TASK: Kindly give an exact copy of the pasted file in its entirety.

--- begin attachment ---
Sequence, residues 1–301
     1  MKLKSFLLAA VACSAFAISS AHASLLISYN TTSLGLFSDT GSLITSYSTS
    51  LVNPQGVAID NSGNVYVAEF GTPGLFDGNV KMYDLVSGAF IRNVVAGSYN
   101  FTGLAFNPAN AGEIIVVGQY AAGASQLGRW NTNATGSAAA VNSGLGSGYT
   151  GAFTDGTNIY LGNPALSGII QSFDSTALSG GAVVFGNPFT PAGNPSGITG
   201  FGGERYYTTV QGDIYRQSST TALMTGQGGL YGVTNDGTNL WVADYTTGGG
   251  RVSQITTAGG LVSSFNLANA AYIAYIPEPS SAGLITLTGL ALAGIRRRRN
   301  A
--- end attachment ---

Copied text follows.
Sequence, residues 1–301
     1  MKLKSFLLAA VACSAFAISS AHASLLISYN TTSLGLFSDT GSLITSYSTS
    51  LVNPQGVAID NSGNVYVAEF GTPGLFDGNV KMYDLVSGAF IRNVVAGSYN
   101  FTGLAFNPAN AGEIIVVGQY AAGASQLGRW NTNATGSAAA VNSGLGSGYT
   151  GAFTDGTNIY LGNPALSGII QSFDSTALSG GAVVFGNPFT PAGNPSGITG
   201  FGGERYYTTV QGDIYRQSST TALMTGQGGL YGVTNDGTNL WVADYTTGGG
   251  RVSQITTAGG LVSSFNLANA AYIAYIPEPS SAGLITLTGL ALAGIRRRRN
   301  A